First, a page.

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Egypt unrest: Four dead as Muslim Brotherhood-led Anti-Coup Alliance attempt to march on Tahrir Square


Supporters of deposed President Mohamed Morsi defied continuing attempts by the Egyptian authorities to destroy the Muslim Brotherhood by staging a series of nationwide demonstrations yesterday – a move which triggered violent clashes between protesters and police.

Local media quoted an interior ministry spokesman saying at least four people had been killed in clashes in two districts of the city. All four were Brotherhood supporters, according to security sources.

Several confrontations erupted in Cairo, as members of the so-called Anti-Coup Alliance – a group of mainly Islamist forces led by the Brotherhood – attempted to march on Tahrir Square, the former revolutionary epicentre which is now cordoned off by barbed wire and phalanxes of police and troops.

Morsi supporters also held posters of the “four-fingered salute”  – the new symbol of those supporting the deposed President and the Muslim Brotherhood – during a protest in front of soldiers near the Rabaa Al-Adawiya mosque.

The violence came just 48 hours before the annual celebrations on Sunday to mark the end of the October War, the 1973 conflict during which Egypt launched a daring operation to reclaim the Suez Canal and Sinai Peninsula from Israel’s occupying forces.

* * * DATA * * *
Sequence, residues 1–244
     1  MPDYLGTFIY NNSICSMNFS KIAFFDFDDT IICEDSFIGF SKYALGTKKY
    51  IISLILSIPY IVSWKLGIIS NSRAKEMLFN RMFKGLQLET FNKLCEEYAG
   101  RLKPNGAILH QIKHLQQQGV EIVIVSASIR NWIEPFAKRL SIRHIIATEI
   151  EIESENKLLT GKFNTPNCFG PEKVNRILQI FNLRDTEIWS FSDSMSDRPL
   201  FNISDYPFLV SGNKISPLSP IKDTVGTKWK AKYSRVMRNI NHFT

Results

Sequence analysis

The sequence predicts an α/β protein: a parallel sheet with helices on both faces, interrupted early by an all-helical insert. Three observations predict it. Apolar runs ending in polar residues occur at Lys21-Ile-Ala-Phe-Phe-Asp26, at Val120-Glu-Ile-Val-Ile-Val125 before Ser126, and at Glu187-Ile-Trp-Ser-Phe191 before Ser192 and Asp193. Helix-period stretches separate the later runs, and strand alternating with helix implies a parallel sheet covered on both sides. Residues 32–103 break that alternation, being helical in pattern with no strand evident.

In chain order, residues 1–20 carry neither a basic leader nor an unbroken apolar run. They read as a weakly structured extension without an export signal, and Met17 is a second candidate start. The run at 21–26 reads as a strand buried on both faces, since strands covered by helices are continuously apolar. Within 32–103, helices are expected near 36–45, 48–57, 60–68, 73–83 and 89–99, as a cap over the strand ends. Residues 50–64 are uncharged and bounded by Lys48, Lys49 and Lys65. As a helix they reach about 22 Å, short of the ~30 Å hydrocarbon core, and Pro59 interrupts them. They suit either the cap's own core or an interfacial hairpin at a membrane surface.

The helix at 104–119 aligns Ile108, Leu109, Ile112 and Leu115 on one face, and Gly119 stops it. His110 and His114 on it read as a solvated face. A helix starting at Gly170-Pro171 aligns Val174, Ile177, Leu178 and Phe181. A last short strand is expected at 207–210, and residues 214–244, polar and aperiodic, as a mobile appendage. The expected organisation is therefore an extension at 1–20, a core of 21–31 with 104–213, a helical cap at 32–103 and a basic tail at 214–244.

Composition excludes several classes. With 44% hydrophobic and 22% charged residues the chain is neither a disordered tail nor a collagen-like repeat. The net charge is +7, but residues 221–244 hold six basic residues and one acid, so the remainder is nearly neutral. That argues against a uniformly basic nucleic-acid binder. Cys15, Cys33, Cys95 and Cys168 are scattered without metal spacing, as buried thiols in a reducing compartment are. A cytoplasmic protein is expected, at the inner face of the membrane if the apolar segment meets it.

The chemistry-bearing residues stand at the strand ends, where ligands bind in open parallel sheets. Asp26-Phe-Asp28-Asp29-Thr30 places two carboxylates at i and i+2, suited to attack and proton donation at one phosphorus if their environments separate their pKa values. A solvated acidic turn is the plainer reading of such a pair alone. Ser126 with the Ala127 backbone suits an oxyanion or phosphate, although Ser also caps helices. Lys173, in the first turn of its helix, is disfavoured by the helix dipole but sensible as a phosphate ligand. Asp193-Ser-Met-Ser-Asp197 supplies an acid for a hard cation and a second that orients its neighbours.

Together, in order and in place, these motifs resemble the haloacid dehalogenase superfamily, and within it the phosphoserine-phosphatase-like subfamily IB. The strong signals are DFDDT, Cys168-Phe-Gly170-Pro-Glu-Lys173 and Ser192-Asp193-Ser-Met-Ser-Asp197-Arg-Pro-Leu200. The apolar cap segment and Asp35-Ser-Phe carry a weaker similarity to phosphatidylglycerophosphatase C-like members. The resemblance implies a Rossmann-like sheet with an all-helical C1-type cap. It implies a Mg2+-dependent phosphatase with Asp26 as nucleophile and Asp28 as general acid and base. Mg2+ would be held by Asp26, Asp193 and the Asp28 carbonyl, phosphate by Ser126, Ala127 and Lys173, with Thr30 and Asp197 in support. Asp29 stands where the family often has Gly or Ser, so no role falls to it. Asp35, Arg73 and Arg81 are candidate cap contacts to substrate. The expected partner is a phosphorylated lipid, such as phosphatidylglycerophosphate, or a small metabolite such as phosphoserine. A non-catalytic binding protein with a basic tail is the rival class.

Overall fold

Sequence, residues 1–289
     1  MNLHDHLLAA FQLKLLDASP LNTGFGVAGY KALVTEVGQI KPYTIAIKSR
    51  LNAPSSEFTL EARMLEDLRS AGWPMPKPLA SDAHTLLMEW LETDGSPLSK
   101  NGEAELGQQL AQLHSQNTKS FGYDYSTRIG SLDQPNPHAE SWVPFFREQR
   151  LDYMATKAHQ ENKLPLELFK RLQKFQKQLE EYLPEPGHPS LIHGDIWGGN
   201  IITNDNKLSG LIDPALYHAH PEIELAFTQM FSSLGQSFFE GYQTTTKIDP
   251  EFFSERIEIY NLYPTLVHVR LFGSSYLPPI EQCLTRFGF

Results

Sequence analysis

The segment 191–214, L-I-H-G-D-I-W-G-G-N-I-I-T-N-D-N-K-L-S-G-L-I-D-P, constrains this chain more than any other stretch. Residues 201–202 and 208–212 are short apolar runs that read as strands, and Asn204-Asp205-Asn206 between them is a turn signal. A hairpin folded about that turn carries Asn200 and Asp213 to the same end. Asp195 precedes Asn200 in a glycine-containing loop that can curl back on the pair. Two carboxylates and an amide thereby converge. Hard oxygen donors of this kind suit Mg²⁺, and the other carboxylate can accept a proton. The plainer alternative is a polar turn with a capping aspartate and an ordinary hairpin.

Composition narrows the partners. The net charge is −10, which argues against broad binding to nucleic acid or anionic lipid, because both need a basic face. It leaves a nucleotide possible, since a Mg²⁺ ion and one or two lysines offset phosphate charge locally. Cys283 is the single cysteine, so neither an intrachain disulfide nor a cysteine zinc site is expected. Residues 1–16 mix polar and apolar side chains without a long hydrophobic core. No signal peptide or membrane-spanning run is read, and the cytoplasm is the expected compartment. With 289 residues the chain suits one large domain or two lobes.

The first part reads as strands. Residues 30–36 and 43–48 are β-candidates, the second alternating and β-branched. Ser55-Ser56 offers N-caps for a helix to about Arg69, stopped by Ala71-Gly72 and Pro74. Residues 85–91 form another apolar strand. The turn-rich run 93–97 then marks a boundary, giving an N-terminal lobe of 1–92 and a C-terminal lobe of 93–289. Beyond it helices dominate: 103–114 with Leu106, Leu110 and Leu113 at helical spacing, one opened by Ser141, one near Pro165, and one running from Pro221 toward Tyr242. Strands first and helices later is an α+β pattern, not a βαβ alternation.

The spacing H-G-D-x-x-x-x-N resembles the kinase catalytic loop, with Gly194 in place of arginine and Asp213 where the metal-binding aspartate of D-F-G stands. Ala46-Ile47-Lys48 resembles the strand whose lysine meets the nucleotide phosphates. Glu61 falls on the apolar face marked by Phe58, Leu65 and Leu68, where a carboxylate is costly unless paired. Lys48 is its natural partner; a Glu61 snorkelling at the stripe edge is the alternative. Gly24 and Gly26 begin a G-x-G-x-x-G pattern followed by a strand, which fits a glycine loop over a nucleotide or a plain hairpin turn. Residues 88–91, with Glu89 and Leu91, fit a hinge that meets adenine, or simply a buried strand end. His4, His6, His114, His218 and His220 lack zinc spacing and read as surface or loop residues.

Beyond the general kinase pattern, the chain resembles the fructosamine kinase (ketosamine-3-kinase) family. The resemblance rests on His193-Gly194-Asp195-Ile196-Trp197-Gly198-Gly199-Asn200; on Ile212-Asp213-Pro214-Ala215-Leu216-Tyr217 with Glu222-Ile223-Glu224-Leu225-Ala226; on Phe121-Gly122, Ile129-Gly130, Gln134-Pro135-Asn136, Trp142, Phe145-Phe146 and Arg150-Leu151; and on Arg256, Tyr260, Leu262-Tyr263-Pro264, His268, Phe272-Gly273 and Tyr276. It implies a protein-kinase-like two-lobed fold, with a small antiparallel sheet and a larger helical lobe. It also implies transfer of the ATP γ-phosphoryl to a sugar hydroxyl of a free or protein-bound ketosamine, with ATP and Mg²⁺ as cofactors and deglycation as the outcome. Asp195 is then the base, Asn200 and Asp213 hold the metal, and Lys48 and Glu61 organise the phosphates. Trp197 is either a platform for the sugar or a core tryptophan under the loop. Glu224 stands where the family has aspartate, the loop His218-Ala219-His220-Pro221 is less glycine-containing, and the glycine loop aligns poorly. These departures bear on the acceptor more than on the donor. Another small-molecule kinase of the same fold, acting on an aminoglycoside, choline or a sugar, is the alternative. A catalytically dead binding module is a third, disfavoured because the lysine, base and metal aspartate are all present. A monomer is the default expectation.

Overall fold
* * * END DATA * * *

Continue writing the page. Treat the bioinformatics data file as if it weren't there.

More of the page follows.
Despite its only partial success, the memory of the war is cherished in Egypt and various pro-government forces have called for mass rallies to mark its 40th anniversary.

But there are fears that the commemorations will be marred by further violence, as pro-Morsi protesters have vowed to attempt another march on Tahrir Square.

Today’s violence in Cairo erupted after protesters tried to encircle the black-clad riot police near the square. Screaming “Down with the murderer” and other chants against army chief General Abdel Fattah al-Sisi – the man widely believed to be pulling the strings of the current administration – some of the protesters clashed with other civilians on the northern fringe of the square.

In Qasr el-Aini Street, one the main thoroughfares leading south from Tahrir, semi-automatic gunfire rang out through the side-streets after a few thousand pro-Morsi supporters were scattered by charging riot police. One man, lying motionless in the middle of the deserted road after one burst of gunfire, had to be rescued and carried away by two other protesters.

Today’s clashes pose a problem for Egypt’s authorities, who have failed to extinguish the forces still opposing the current political transition process.